Have a hankering for Lemon Lulu? It's a lemon pound cake, and the proprietors of Mother Myrick's Confectionery and Ice Cream Parlor (Route 7A and Ways Lane, 888-669-7425, mothermyricks.com) suggest you keep one in the freezer for unexpected company. Also check out their Pecan "Myricles," featuring caramel and either milk or dark chocolate. Have a question about getting something shipped? E-mail them at email@example.com.
Did we mention outlet stores? The Manchester Designer Outlets (routes 7A and 11/30, 800-955-SHOP, 802-362-3736, manchester designeroutlets.com) are discreetly ensconced in several Colonial-style buildings with understated signage. The concentration of outlets does not assault the eyes quite like those in North Conway, N.H., or Kittery, Maine, but it is wildly successful, to the point that Manchester generates more state sales tax revenue than all but four Vermont municipalities.
PartyMuch of the area night life is closer to ski areas such as Bromley and Stratton. The Perfect Wife Tavern (see "Fuel"; click on "live music" for schedule) fancies itself Manchester's premier source for live music. It hosts an eclectic assortment of acts, with styles ranging from punkabilly to "newgrass" to hip-hop, nearly every weekend. It also lists 29 beers on its tavern menu along with sandwiches, crab cakes, and nachos.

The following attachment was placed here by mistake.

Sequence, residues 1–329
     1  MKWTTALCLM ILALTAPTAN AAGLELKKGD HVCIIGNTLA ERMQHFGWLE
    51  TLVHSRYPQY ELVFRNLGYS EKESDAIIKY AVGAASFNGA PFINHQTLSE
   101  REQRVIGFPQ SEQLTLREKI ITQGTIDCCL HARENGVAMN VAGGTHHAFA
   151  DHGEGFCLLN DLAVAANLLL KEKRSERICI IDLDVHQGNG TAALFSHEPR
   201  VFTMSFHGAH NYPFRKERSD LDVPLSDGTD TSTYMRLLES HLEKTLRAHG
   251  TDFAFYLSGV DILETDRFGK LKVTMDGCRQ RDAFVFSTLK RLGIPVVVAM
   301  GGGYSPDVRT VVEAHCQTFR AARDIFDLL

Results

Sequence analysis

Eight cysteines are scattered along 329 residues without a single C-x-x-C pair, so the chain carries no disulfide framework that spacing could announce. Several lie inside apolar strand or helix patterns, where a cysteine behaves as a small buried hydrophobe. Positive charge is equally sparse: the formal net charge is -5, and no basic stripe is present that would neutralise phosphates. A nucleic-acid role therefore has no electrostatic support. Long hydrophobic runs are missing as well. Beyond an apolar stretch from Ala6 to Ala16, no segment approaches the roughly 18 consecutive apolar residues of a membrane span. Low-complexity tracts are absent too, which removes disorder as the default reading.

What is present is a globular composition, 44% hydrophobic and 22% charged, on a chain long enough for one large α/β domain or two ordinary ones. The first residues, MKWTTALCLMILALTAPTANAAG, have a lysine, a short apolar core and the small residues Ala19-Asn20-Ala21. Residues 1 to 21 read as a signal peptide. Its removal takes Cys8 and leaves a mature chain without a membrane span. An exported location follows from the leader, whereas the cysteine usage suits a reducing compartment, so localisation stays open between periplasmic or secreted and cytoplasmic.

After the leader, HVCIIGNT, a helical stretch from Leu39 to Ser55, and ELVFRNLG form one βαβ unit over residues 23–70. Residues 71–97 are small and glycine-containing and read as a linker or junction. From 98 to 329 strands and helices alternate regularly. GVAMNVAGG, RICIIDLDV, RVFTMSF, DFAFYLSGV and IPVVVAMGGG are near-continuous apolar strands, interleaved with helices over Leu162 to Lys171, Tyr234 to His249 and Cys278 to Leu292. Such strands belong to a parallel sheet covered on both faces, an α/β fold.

Laney's Restaurant (1716 Depot St., 802-362-4456, entrees $11-$21, laneysrestaurant.com) is a good spot to catch the ballgame. It boasts a restaurant on one side, with a children's menu, steaks, seafood, and pizzas, and on the other side is a lively sports bar.
FuelThere is a reason why people climb the 15 stairs to Up For Breakfast (4935 Main St., 802-362-4204, $6-$12) and why it has earned "best breakfast" honors from Vermont Magazine. Despite its cramped, L-shaped confines, it churns out delicious, healthy morning and lunchtime fare (frittatas, French toast, wild turkey hash) quickly and with a friendly flair.
The Depot Cafe (515 Depot St., 802-366-8181, entrees $9-$17), located in a furniture store called Depot 62, serves natural and organic fare with a Turkish flavor. Among the offerings are handmade, wood-fired pizzas (some of them vegetarian), salads, and chicken dishes.
Bistro Henry (1942 Routes 11/30, 802-362-4982, entrees $24-$35, bistrohenry.com) has earned Wine Spectator's award of excellence 13 years running. It features the cuisine of southern France and northern Italy, and namesake Henry Bronson and his wife, Dina, like to say that they "elevate the classics to a modern style." Gourmet, Food & Wine, and dozens of other reviewers agree.